These were all Quaker families, and they met for worship in either the furniture factory or Benjamin’s or Daniel’s homes. As the community began to grow there was less space for worship, so in 1849, they applied for meeting approval and a log structure was built on land donated by Benjamin Cutler and John Marsh. Later, Daniel’s daughter Caroline donated one half acre to this property. They soon outgrew this building and in 1859, a brick building was constructed with bricks from the Rutherford Brick Yard in Poplar Hill. It has remained much the same and is still in use today.

In 1848, John Wood purchased fifteen acres from Benjamin Cutler at the corner of Coldstream Road and Ilderton Road. He built a home there, containing a store. After his death, his wife and daughter Louisa continued to run the store. When Louisa married Jacob Marsh (son of John), Jacob took over running the store. When Louisa’s mother died in 1869, Jacob decided to move the house to the site of the Marsh Mills so he would be closer to work as he had taken over running the business from his father. The two-storey house was moved down the concession to its present location and a two-storey store was added to the west side. This soon became the centre of activity and the village grew around it instead of its original location at the corner of Coldstream Road and Ilderton Road. Over time, the other buildings at the corner were torn down or moved as they also were on the road allowance.

Coldstream Blacksmith Shop

Coldstream became a busy village. Jacob Marsh’s store housed the first telegraph, first telephone system in Lobo, the Mechanics Institute (library), Post Office, Lobo Mutual Fire Insurance Company, and office store and mills. T. McNeill opened a blacksmith shop beside the Mill Pond on the Ilderton Road. He later sold it to Samuel Clare in 1877 who ran it until his death upon which it was taken over by his son John R. Clare. It was later torn down so a grandson could build a store/gas station. This site is now the woodworking shop of Jack Webb.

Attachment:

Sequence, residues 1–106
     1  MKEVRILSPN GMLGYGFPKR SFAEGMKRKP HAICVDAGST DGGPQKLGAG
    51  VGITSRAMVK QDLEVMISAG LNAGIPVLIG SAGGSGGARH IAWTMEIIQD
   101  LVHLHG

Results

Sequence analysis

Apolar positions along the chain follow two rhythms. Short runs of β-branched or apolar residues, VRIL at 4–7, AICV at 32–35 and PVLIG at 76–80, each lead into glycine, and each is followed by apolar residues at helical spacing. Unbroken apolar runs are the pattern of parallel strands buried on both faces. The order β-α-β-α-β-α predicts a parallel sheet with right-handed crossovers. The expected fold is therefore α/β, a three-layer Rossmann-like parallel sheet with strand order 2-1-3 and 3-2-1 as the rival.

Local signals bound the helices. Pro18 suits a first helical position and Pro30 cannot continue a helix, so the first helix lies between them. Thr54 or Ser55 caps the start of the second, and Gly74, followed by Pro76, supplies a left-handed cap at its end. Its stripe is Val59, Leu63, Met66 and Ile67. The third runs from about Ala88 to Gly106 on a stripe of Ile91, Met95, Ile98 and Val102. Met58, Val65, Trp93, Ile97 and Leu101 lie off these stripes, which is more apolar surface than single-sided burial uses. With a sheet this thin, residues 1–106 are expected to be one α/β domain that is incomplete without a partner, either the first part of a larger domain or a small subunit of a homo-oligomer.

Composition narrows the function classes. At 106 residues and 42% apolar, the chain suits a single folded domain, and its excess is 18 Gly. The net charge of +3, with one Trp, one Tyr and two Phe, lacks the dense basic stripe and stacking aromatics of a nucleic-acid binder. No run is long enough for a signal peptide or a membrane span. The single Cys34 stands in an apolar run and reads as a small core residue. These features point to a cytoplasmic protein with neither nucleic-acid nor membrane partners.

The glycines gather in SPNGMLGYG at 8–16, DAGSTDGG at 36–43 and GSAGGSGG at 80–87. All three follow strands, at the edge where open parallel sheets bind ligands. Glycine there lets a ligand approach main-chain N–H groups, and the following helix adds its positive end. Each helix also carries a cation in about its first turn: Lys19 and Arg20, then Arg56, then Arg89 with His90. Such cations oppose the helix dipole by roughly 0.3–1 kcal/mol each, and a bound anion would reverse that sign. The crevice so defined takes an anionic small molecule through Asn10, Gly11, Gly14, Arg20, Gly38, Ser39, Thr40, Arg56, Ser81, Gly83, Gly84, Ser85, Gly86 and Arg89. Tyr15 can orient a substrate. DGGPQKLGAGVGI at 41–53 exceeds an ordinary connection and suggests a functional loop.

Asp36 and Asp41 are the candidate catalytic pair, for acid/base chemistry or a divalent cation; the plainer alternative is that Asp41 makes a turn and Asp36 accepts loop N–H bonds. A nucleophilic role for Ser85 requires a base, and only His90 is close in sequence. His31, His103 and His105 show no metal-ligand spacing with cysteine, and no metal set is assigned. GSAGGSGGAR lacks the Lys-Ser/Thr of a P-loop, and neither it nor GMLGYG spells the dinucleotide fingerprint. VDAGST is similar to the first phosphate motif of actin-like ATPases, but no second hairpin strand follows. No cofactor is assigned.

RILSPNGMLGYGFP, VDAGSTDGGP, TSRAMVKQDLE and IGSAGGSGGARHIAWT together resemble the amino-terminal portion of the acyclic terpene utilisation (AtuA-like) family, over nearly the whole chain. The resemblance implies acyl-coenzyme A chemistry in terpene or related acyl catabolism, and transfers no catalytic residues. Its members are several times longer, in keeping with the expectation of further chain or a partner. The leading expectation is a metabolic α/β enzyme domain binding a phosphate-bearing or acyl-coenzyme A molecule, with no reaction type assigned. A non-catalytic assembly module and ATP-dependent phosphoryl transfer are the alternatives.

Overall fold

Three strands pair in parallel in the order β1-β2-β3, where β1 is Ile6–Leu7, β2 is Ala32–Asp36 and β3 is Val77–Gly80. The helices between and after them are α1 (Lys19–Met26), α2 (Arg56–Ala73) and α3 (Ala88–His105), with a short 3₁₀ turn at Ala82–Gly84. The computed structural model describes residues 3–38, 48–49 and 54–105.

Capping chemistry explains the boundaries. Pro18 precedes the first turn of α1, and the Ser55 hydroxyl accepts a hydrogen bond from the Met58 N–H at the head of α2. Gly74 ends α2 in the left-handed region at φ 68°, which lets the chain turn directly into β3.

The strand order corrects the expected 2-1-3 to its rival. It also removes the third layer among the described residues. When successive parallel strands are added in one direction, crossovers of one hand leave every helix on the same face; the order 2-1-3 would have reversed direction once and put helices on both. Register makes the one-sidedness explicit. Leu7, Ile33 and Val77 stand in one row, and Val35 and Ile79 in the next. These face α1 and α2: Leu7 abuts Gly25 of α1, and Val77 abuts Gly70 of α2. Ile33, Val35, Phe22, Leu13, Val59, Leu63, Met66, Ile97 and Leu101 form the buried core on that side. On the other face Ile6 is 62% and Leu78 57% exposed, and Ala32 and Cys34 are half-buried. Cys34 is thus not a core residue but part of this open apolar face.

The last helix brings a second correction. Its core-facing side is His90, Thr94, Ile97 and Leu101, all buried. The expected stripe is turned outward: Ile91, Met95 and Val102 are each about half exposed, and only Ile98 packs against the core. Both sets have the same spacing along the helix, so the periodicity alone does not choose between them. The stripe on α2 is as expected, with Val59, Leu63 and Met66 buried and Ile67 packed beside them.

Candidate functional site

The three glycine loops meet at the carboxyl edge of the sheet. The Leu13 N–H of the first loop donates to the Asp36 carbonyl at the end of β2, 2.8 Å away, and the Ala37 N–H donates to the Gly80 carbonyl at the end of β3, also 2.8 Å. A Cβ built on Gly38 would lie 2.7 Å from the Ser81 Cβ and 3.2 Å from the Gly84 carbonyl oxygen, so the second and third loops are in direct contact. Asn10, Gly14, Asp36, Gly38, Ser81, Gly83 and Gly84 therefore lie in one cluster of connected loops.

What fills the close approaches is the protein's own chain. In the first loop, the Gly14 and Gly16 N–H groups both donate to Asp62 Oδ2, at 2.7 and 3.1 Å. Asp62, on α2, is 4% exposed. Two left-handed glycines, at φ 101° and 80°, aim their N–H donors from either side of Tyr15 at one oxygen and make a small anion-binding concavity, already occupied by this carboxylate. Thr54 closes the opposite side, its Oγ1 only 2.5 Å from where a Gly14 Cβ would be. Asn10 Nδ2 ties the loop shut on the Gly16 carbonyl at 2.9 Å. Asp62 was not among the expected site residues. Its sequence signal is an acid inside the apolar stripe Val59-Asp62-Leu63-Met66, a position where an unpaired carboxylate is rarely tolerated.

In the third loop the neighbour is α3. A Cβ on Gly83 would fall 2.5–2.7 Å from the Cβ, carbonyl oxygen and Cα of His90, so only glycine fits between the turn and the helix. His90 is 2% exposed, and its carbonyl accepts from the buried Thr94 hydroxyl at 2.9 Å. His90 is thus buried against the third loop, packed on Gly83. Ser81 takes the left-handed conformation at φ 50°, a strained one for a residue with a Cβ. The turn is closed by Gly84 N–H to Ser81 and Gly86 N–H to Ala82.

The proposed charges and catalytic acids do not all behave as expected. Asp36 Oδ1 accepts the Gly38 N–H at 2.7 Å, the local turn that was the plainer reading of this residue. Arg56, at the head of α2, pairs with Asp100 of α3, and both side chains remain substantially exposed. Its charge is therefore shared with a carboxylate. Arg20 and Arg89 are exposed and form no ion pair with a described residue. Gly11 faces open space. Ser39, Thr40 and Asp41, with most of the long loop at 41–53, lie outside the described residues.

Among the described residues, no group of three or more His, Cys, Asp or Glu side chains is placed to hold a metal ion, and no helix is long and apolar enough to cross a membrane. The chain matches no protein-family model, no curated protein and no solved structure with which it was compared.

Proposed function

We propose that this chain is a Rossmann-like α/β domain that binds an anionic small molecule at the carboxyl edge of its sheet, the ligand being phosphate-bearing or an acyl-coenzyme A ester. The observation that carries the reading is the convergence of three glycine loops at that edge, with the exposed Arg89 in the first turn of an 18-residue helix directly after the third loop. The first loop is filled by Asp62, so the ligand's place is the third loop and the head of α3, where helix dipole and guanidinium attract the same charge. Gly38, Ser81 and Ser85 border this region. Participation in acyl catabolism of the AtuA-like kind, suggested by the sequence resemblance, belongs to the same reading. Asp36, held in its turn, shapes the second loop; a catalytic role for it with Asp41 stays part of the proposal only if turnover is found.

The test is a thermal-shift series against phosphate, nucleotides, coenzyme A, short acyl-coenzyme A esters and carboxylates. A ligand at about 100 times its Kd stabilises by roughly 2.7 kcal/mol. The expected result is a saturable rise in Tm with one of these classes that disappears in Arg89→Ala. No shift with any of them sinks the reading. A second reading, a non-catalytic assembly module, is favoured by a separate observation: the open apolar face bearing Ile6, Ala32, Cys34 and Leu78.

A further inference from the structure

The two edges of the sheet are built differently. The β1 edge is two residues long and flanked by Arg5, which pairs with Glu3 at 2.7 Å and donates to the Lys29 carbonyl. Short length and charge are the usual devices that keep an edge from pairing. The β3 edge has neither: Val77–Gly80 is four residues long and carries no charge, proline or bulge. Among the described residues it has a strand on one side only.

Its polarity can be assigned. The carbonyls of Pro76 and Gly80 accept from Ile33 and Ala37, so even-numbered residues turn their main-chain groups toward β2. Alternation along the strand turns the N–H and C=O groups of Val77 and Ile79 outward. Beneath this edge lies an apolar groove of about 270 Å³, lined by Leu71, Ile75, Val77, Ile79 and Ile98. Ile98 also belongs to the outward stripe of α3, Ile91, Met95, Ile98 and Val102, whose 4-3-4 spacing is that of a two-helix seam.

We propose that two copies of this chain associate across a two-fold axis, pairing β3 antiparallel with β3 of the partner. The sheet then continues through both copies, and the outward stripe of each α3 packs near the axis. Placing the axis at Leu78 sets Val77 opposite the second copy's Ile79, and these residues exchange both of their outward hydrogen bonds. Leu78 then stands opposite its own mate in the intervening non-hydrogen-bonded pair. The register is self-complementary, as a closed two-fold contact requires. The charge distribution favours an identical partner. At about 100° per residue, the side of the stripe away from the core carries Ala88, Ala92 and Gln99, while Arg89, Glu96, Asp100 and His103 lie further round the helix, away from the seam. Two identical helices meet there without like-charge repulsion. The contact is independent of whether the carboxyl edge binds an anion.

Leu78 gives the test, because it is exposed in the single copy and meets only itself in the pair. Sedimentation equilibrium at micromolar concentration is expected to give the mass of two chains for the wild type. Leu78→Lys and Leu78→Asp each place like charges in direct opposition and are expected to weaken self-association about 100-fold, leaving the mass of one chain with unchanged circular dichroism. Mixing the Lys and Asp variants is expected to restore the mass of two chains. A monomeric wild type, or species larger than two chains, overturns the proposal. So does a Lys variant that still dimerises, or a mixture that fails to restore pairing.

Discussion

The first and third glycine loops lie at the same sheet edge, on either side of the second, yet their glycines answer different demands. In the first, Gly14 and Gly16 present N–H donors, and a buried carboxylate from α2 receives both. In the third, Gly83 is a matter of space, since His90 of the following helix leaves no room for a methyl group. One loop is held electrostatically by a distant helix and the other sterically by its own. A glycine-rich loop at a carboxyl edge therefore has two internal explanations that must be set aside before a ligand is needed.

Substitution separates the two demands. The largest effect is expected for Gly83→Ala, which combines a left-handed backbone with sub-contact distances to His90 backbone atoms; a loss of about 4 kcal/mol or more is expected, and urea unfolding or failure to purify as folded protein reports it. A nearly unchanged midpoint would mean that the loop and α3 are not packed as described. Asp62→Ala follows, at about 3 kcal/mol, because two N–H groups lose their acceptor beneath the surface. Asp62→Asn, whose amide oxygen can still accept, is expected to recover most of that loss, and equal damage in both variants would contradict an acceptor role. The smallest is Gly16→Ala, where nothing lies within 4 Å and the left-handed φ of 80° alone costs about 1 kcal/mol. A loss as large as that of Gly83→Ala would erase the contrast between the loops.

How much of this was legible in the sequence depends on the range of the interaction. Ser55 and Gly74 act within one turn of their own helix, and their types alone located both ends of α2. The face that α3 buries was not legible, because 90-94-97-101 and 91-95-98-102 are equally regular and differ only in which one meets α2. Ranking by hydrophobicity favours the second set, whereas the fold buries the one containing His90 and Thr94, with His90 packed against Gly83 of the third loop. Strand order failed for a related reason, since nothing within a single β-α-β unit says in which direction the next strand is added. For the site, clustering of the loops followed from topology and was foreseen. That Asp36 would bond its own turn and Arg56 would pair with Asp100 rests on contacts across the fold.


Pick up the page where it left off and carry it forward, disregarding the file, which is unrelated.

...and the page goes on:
Samuel and Annie (Cutler) Brown

Gravel played a large part in the development of the community. Lots of gravel was found under the shallow topsoil. Part of obtaining land was to build a road in front of each property and to assist with township road building. Each year, farmers drew gravel to build roads or to maintain them. The Cutler pit was used to draw gravel for the building of Highway #22 (Egremont Road) and the early Brown Tile Company. The tile company was before its time and was discontinued. The house, named Bell Fern, was built in 1864 by David Cutler (Benjamin’s son) and his wife Caroline Zavitz. Upon David’s early death, the house was sold to John McPherson. Samuel Brown and Annie Cutler purchased it in 1908 upon the death of John McPherson. In 1919, their son Pearson Brown purchased a blacksmith shop in Poplar Hill and moved it to the Brown farm and started a concert tile business. It also did not flourish and so he turned it over to his brothers, Howard and Chester, who ran it briefly before closing. In 1945, after WWII, Chester and his wife Florence came back to his parent’s home and started Chester Brown Concrete Products. This business was later taken over by their sons Ronald and Robert. It has undergone updates, modernization and several expansions.  Today it is a flourishing business directed by Robert and managed by his daughter Amy.

Today most of the early businesses have vanished but still remains a growing community. The Cutler, Marsh, and Zavitz families have left their mark on this area and have descendants still residing in the township.

 

Categories: Meetinghouse

0 Comments

Leave a Reply